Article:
Global Citizen wrote:Points 1 and 3 are poor reasons why the Eircom building sould be ruled out as a potential site for the metro station.
So what if block C starts 2 floors down.
And is the fact that the place has fabulous air conditioning hardly a good reason to preserve it ?
I think the park in Stephens Green provides far more air conditioning for the centre of Dublin.
The point being made is simply that the three Eircom blocks are good commercial space that have a solid commercial value of hundreds of millions of pounds; due to extensive site coverage and the space remaining in good condition there is not sufficient commercial angle in demolishing these buildings to replace them with alternative structures. The fact that Block C starts 2 floors down means that if you built a station concourse you would remove existing space and remove the ability to add more space within existing building lines or the increased building lines that would be acceptable to planners. When the external air temperature is 30c no neighbouring space will provide a comfortable working environment; given the amount of IT equipment that a telecoms company uses M & E services are vital to productivity.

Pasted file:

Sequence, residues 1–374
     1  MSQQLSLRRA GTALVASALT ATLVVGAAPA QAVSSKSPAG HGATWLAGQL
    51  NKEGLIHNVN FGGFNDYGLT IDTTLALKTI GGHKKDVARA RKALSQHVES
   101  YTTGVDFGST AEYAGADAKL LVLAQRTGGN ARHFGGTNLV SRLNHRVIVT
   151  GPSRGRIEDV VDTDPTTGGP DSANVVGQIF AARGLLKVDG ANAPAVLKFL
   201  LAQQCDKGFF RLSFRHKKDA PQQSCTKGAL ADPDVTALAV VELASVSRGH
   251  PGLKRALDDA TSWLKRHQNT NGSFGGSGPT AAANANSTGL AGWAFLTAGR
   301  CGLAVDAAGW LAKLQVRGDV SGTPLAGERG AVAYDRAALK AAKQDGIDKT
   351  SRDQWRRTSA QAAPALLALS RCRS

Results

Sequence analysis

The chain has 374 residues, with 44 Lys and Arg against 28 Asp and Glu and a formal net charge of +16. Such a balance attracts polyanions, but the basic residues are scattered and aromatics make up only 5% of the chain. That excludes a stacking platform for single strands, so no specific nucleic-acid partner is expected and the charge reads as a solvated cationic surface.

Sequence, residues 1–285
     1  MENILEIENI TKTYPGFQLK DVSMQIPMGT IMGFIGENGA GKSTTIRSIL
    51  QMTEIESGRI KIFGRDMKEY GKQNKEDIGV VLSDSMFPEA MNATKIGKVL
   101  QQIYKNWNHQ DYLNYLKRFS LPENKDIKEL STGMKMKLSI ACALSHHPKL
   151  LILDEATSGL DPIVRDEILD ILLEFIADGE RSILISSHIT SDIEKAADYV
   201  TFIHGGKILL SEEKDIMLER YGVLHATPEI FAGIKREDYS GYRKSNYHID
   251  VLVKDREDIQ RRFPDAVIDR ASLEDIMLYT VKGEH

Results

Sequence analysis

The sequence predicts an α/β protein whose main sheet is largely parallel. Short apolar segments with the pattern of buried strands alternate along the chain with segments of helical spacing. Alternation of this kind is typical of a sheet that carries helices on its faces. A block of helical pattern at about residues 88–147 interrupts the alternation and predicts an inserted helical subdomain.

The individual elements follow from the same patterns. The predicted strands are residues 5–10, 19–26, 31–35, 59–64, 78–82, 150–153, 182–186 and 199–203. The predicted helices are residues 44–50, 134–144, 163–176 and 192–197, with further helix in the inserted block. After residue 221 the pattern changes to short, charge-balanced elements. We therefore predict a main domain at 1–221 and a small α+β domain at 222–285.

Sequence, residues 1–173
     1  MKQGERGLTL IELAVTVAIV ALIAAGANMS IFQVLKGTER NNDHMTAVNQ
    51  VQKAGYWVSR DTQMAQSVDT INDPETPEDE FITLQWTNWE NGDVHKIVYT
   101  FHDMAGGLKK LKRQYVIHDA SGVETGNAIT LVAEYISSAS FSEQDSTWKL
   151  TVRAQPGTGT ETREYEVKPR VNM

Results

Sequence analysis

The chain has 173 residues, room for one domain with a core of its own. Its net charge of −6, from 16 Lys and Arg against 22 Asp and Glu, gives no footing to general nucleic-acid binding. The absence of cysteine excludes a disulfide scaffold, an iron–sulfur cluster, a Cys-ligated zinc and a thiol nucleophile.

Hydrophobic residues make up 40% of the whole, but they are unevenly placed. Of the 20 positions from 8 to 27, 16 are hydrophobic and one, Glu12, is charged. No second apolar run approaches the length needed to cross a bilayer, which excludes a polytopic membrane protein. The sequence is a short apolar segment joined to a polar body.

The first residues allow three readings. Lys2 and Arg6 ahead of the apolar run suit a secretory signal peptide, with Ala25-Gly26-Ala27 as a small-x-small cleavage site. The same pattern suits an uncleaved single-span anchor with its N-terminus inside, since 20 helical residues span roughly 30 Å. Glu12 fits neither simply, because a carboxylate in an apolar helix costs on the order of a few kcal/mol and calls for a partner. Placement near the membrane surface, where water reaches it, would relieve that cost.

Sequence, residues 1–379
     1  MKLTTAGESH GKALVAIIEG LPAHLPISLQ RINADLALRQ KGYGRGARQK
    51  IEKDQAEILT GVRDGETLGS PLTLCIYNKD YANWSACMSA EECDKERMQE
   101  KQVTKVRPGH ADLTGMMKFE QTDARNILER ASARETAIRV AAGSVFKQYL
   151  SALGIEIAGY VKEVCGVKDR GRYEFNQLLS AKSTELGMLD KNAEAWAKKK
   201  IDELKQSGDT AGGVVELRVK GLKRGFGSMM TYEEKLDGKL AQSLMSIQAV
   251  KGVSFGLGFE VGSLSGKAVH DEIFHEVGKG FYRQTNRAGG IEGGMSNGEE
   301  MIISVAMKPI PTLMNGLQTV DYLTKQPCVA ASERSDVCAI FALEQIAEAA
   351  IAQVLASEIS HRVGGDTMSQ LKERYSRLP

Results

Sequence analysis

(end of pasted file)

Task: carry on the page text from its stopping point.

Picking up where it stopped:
In situations where the space is of poor quality and site coverage low by modern standards there would be a clear angle and it would be possible to ask the developer for a significant development levy. If you demolish the Eircom holding you might create a 30% uplift in value and face a development levy of 20-30% removing any incentive to do it as the development risks would outweigh what would be likely to be a net single digit return on what would be very significant investment. In contrast the railway sidings at both Inchicore and Spencer Dock would have no opportunity cost.
NotJim wrote:Is Daimer Hall the Unitarian church?
Yes the Unitarian Church is called Daimer Hall and is a very fine example of a Victorian Neo-Gothic Church; if it survived the late 1970's and early 1980's I'd be confident it would not be at risk unless relocated stone by stone to an appropriate location but even that would concern very many people.